Celebrating cultural warriors who are raising the South African flag high

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Ladysmith Black Mambazo. Photo: Jabulani Langa
Ladysmith Black Mambazo. Photo: Jabulani Langa


For the time it takes to read this article, let us put our load shedding blues behind us as we appreciate local South Africans artists who, over the years, have become iconic cultural ambassadors. Their creative work has done more to promote our beautiful country and the hopes and inspiration of its people than all the lying politicians. In honour of Heritage Day, here are 25 cultural warriors we should note:


Rightly dubbed Mama Africa, the late singer and activist used her music during exile to highlight the atrocities of apartheid. She also leveraged platforms such as the UN to campaign against an unjust system, while promoting our music and languages. 

Miriam Makeba. Photo: Sourced


This ANC cultural collective was born in Cuba, when some of its initial members, led by trombonist Jonas Gwangwa, represented South Africa at a youth conference and their haunting performance gave birth to a cultural revolution. Soon the group was made up of more than 40 cast members who sang, played instruments, danced and acted. During exile, they travelled to more than 60 countries promoting our culture and calling for freedom in their lifetime.


Disregard the tabloid news that have followed Lebo M in the last decade. His composition work on The Lion King garnered success unheard of, and the production is one of the top five longest-running on Broadway, winning countless awards and grossing billions of dollars in the process. The Lion King is responsible for promoting local flora and fauna, as South Africa became one of the top destinations to visit to see the jungle characters portrayed in the play. When the film version was released in 1994, it was a runaway success and is a must-see classic for all children today. While Lebo M went on to produce and compose music for other plays, the success of The Lion King remains unsurpassed.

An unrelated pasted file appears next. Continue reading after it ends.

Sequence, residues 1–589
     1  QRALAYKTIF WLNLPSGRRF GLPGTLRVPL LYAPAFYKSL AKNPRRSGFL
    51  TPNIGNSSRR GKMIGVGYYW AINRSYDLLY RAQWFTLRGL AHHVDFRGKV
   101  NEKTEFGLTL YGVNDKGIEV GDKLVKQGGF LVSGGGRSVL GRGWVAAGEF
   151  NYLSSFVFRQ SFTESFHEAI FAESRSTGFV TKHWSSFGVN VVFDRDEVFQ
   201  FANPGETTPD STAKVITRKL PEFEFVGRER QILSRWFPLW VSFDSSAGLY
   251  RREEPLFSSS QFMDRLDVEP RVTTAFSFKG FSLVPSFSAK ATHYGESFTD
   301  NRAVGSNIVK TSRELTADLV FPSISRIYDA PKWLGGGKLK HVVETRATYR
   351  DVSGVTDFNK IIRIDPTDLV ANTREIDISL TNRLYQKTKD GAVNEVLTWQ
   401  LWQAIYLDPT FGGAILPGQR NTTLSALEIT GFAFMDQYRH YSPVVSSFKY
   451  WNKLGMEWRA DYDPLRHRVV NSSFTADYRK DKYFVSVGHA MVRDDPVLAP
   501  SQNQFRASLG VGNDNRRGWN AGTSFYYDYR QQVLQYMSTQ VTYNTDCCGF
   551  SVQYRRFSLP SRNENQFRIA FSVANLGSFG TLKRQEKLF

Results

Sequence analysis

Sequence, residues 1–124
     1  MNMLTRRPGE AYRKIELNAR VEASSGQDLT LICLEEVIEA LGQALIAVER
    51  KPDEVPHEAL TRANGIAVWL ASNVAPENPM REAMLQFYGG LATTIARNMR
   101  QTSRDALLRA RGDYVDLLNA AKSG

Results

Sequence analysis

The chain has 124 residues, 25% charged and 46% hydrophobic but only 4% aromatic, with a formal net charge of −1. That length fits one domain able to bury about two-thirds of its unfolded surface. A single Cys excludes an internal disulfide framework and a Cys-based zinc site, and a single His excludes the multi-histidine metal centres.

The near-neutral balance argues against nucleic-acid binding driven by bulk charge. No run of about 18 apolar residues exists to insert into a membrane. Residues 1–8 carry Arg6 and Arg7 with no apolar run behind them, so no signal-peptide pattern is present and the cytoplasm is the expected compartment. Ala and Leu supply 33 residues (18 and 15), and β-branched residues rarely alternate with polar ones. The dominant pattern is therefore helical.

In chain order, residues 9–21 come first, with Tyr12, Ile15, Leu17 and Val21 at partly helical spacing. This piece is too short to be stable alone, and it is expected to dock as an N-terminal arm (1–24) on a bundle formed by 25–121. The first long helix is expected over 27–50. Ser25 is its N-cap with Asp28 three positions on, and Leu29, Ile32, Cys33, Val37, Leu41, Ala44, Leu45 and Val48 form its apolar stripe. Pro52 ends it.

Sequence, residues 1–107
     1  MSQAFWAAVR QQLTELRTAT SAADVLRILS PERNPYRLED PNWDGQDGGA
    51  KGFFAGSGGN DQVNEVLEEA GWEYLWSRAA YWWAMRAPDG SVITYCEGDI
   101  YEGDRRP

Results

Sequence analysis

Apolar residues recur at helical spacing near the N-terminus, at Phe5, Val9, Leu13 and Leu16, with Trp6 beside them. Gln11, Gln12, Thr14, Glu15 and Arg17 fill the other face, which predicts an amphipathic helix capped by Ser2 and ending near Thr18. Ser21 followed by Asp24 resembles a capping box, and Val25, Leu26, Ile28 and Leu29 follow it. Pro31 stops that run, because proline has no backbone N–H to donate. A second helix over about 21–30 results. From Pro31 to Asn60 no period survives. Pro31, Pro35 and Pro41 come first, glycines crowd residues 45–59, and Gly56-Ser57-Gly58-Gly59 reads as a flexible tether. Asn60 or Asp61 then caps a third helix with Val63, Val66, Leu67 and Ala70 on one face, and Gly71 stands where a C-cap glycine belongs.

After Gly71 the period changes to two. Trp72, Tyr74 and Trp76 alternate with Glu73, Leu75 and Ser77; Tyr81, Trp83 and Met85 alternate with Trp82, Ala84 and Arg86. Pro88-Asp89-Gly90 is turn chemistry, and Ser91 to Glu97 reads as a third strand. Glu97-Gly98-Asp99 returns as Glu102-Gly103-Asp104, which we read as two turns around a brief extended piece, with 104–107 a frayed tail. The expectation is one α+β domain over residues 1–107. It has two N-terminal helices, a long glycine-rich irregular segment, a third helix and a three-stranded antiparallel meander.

Lebo M. Photo: Sourced


This Wednesday, some of the original cast of Sarafina! reunited at the Museum of Modern Art in New York, US, with producer Anant Singh to celebrate its 30th anniversary. Its creator, Mbongeni Ngema, collaborated with musical genius and another cultural activist, the late Hugh Masekela to tell the story of the tragic 1976 riots, when protesting students were mowed down by the apartheid police, in song and dance. Sarafina!, together with The Lion King, was credited as one of the top local productions to export massive local talent on to world stages. For Ngema, however, ongoing fights about the true writers of the musical and revelations of abuse from a book written by his ex-wife have tainted his legacy. 

Mbongeni Ngema. Photo by Jabulani Langa


The local male a cappella choir and dance group catapulted isicathamiya and imbube music on to prestigious world stages, and is one of the highest decorated musical groups in South Africa, with five Grammys from 15 nominations. We are glad that founder Joseph Shabalala passed the baton on to his kids and fellow band members, who continue to make us shine after his demise in 2020. Fifty years later, the group is still going strong and is currently on a world summer tour. 

Ladysmith Black Mambazo. Photo: Jabulani Langa


The ongoing legal fight over payments for the mega global hit Jerusalema, featuring Nomcebo, is a continuing shadow over this massive world hit. Standing at over 500 million YouTube views, the song became a rallying cry for nations across the globe during the Covid-19 pandemic with its upbeat melody and its accompanying dance being copied from Asia to Europe.

Master KG. Photo: Gallo Images/Oupa Bopape


Tsonga culture has never been so cool, and rapper and singer Sho Madjozi’s incorporation of the Tsonga language, dance and colourful attire got South Africans youth sporting what they call Shangana braids and many wearing their versions of the xibelani skirt. Her crossover hit John Cena catapulted her to global status.